“Looking back at my own experience as well as what is reflected in the practice of many organisations, companies are now focused on helping female executives to manage stress and the work-life balance challenge — which is key to support female professionals in realising their career potential.”

Gender balance remains a work in progress
“We still need to reckon that the financial industry remains a largely male-dominated world, with regards to statistics on women representation in the industry, especially in senior management roles,” Fan pointed out.

She observed that while there have been notable improvements in gender diversity of the industry over the last two decades, great challenges persist for female investment professionals, especially in terms of career opportunities.

Fan recognised that gender diversity has “further room for improvement” within PBs’ investment and product functions. At the same time, she encourages female investment professionals to stay committed to upgrading their professional skills and deepening their specialised asset class and product knowledge, so as to keep up with the increasingly technical and specialised functional responsibilities of the profession.

“I would also advise my fellow female investment professionals to maintain faith to pursue professional excellence, seek the best development opportunities, and to have the courage to break the glass ceiling,” she continued. “Women should support each other in the workplace and share experiences. And I think that more proactive coaching and mentorship programmes would help female talents with high potential build up their confidence and competency and pursue career advancement opportunities.”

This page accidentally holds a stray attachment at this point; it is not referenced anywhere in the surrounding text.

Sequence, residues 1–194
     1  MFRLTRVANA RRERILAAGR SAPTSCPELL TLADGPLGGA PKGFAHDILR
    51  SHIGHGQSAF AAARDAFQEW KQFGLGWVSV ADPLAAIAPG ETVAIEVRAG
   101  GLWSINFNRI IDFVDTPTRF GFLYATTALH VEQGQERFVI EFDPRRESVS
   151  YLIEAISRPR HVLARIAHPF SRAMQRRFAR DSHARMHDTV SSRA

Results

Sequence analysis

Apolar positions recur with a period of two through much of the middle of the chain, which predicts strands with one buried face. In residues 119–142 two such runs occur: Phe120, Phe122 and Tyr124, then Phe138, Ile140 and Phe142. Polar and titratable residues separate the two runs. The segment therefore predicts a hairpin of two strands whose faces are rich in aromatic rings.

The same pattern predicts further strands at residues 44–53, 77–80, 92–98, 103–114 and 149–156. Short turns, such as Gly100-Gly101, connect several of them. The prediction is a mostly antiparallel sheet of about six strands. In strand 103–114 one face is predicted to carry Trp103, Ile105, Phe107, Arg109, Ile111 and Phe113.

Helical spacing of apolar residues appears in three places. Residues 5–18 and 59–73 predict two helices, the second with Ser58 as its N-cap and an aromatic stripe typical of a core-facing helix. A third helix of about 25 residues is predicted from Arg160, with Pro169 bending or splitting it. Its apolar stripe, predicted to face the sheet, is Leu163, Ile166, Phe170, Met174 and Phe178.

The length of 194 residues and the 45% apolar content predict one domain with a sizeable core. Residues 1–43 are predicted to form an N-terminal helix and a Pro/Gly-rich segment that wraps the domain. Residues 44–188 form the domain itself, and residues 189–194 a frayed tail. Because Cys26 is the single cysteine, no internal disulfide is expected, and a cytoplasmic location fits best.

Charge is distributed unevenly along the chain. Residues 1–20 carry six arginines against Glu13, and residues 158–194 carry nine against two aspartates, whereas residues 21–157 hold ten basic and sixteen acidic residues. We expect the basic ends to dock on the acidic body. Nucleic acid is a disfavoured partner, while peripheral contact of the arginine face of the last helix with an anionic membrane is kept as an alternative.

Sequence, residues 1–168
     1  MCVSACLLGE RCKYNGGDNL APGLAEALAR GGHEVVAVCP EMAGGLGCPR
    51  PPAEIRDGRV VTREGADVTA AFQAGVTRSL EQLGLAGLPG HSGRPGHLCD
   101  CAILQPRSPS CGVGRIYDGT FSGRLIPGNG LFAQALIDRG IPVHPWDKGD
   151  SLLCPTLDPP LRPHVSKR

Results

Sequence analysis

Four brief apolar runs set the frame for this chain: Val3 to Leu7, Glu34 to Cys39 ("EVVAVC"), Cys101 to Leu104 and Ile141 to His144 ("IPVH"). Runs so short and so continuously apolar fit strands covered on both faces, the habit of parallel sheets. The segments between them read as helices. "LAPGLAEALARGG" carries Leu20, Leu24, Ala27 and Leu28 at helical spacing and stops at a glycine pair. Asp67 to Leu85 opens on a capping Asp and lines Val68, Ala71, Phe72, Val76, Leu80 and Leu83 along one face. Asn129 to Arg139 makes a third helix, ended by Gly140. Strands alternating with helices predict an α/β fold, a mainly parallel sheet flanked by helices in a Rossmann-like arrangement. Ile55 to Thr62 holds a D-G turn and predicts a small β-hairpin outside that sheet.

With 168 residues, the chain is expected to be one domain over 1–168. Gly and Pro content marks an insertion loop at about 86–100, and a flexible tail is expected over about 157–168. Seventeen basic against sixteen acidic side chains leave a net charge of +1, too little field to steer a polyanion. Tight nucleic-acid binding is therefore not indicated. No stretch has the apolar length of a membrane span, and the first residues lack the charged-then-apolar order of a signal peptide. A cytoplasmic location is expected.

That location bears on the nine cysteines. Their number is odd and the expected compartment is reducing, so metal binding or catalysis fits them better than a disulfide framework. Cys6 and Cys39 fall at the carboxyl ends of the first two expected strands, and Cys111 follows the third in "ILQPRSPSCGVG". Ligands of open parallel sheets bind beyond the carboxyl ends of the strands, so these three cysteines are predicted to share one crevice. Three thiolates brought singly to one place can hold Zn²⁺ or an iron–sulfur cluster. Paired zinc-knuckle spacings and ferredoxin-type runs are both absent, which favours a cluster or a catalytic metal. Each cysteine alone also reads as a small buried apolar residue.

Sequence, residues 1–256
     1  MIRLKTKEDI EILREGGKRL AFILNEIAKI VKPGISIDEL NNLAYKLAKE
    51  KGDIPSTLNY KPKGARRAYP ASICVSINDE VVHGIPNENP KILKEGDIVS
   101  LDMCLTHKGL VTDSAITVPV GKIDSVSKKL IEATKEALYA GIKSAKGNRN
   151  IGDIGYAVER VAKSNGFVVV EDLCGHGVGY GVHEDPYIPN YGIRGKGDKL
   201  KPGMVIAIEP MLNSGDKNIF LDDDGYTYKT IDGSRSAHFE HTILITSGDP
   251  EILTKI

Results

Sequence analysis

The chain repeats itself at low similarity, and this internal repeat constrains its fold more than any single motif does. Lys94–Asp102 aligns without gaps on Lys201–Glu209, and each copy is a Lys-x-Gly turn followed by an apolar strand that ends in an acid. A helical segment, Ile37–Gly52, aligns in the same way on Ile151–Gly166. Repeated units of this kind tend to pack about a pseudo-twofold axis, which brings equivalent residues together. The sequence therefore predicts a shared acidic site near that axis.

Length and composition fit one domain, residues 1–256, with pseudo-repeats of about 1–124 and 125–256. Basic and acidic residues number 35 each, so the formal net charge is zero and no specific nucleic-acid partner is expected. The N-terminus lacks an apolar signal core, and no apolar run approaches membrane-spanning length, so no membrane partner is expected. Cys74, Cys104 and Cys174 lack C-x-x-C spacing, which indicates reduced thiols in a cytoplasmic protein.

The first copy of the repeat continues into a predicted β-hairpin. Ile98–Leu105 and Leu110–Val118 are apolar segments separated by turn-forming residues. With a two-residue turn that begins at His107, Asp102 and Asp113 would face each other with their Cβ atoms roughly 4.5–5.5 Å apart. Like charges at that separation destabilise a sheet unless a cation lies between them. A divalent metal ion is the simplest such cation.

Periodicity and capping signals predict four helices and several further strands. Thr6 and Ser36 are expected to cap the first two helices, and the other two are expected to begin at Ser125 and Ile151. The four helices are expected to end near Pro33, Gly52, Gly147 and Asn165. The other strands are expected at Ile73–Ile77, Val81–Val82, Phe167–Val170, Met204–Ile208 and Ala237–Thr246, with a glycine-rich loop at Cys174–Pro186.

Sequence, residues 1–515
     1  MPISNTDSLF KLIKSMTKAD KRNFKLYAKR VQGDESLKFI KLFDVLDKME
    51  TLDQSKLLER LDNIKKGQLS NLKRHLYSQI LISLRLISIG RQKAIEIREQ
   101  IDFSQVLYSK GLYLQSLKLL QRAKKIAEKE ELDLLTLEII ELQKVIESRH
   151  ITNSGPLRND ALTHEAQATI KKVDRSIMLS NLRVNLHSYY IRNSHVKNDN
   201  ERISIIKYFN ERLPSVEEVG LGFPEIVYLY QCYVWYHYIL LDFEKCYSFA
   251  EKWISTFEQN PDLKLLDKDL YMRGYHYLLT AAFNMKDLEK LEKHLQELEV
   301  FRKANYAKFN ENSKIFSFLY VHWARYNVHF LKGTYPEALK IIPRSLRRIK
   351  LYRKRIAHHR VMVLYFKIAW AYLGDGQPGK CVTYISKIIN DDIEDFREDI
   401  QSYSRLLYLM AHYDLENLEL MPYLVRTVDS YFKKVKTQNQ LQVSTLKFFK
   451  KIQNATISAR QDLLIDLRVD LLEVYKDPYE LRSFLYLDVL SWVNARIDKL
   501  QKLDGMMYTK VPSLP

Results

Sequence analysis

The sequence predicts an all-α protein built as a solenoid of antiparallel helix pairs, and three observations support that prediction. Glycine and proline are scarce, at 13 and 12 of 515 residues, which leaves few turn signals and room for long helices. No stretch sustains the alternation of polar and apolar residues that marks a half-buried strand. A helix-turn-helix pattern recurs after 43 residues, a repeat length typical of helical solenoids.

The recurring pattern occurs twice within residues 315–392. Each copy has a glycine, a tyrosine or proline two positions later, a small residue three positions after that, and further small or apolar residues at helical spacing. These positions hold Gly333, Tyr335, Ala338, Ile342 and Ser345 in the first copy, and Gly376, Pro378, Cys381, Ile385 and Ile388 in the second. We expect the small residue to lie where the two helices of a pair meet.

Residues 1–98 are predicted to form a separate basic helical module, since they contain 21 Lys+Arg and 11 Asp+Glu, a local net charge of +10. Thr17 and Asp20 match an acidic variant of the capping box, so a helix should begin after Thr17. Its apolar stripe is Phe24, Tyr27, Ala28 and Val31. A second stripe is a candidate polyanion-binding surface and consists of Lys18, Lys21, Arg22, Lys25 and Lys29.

Pursuit of excellence
It is Fan’s 14th year in the PB industry and her fifth year with HSBC Private Banking. She said she has been heavily involved in a slew of mentorship and talent development programmes designed to lend support to fellow female colleagues at the bank.

“[Through these programmes], I offer female leaders of the future advice and coaching, so that they can learn from my experience and accelerate their career development path. I have been actively involved in the organisation’s women’s network within Wealth and Personal Banking, where senior female executives exchange ideas and insights on how to best support women professionals to advance their career.”

She added that HSBC is committed to increasing female representation in senior positions and leaders and has clear gender diversity targets to drive progress. By the end of 2020, the bank had already achieved its ambition of having 30% of its senior leadership roles occupied by females. It is on track to deliver 35% by 2025.

When asked of her secret to success in the CIO role, Fan said the criteria for the role are, after all, “based on one’s professional skills and expertise and the ability to manage a team of investment strategists”.

“My management philosophy,” she shared, “is all about motivating and empowering the team members to contribute effectively to a winning investment process.”